US 4139770 A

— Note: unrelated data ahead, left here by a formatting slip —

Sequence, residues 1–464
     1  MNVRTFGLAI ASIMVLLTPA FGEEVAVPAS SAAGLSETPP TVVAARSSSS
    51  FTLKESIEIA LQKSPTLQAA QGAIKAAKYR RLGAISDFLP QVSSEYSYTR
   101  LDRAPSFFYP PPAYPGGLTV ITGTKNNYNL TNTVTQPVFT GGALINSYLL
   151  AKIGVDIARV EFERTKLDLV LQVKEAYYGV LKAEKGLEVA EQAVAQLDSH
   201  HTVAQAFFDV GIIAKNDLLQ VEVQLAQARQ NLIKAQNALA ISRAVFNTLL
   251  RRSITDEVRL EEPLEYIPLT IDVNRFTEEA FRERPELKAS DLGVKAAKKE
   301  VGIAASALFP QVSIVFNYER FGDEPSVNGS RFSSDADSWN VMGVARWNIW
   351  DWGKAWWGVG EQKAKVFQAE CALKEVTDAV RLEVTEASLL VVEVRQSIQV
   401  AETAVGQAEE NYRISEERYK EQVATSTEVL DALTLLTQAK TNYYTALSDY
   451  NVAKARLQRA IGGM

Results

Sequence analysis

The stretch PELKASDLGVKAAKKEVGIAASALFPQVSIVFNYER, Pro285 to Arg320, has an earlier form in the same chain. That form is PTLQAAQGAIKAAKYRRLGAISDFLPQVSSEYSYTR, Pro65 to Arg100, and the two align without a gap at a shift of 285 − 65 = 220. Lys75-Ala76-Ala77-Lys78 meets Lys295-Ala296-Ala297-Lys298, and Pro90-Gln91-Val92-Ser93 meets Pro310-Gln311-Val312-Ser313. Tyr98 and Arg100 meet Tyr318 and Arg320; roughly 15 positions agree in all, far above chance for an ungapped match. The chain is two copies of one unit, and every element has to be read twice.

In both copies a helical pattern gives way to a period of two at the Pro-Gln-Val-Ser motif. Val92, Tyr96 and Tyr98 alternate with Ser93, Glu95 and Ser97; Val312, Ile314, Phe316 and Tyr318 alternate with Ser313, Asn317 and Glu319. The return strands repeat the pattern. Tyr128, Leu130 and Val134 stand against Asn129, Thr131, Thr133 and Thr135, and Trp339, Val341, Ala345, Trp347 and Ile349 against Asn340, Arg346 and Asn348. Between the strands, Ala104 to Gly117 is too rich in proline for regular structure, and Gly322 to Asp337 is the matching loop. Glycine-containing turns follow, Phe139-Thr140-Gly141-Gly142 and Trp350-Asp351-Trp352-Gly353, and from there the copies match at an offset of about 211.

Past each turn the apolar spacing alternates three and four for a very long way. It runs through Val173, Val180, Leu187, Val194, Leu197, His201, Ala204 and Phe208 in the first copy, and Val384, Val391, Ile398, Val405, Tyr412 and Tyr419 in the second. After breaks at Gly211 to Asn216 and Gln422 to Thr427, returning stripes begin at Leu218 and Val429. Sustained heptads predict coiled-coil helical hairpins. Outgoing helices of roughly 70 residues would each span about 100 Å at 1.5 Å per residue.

In the disclosed ionization fire alarm structure, a gap that admits ambient air to the alarm test chamber eliminates directional smoke sensitivity or any insensitivity that might be caused by high air velocities. A ring shaped wall section in the approximate plane of the center electrode and common to the test and reference chambers, and an axially extending tubular wall and housing that enclose the jacket of a flat-bottomed external electrode establish the gap that admits ambient air to the test chamber and form axially compact device with adequate electrical insulation. An insulator cover and angular bends which are formed in the latch springs that couple the alarm to the base prevent unauthorized disassembly by requiring a special manipulation to uncouple these components.